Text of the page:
The Way of Kings is Brandon Sanderson’s opening volume in a new epic fantasy series, bringing his unique world building and ability to construct magical systems to the land of Roshar. Through the viewpoints of four primary characters, Sanderson opens his epic with a wide view of his new world however seemed to let the story more than what was necessary.
The majority of the book revolves around Kaladin Stormblessed; though first seen through the eyes of a young soldier, his point-of-view begins with him as a former soldier and now a slave on his way towards the battlefield he had always wanted to go to while a soldier. Kaladin’s struggle as a slave bridgeman that looks to save himself and then his fellow bridge team members takes up most of the book, but interwoven are flashback chapters relating events in Kaladin’s life that led to his eventual slavery. Sanderson slowly develops Kaladin’s leadership of his bridge team as well as his slowly growing “magical” powers that come together at the end of the book to bring one phase of his character development to completion.
Two other major characters at the same battlefield are highprince Dalinar along with his eldest son, uncle and cousin to the King in charge of the army. The two lords deal more with politics than battles until later in the book and when they do turn to the war; their life-and-death situation brings them into contact with Kaladin and setting the stage for the next book. Away from the other three characters is Shallan, who ventures to be the ward of Dalinar’s scholarly niece Jasnah and steal the magical soulcaster that she possesses to save Shallan’s family from ruin after the death of Shallan’s father. All three characters are in for surprises in their own story arcs.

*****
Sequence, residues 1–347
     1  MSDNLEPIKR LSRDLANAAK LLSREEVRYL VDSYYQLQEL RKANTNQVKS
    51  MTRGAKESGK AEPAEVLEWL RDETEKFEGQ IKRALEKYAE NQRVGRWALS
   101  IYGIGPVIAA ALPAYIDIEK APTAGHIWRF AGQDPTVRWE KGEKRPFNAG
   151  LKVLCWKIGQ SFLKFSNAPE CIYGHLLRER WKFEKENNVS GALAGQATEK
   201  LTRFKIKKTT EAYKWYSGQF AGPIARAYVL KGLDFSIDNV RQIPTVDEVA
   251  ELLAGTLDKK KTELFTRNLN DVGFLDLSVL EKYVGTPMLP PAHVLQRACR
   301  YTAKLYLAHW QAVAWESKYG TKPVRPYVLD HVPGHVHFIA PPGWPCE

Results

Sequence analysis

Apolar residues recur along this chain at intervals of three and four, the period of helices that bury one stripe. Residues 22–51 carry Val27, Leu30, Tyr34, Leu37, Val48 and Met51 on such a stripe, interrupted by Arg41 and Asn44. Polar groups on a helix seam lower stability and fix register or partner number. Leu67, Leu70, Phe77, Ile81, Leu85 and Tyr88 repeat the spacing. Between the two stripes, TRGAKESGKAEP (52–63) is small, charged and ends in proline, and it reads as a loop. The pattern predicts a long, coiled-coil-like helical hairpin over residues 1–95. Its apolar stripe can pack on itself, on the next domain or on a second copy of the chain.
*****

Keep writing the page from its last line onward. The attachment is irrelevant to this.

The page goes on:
While Sanderson opens his epic series in grand fashion, the main problem with The Way of Kings is frankly the length of the book. While information and telling action is generally good, there can be too much of a good thing and this opening volume unfortunately suffers from that. Repetitive descriptions during the same action sequence could have better edited without losing the intensity of what was happening, numerous internal thoughts did no need to be repeated over and over in a character’s chapters several times each. It was the little things that were easily correctable that harmed this book that makes it really stand out.
Overall The Way of Kings is a good, though lengthy, read and made me want to see where Sanderson goes next in the second volume.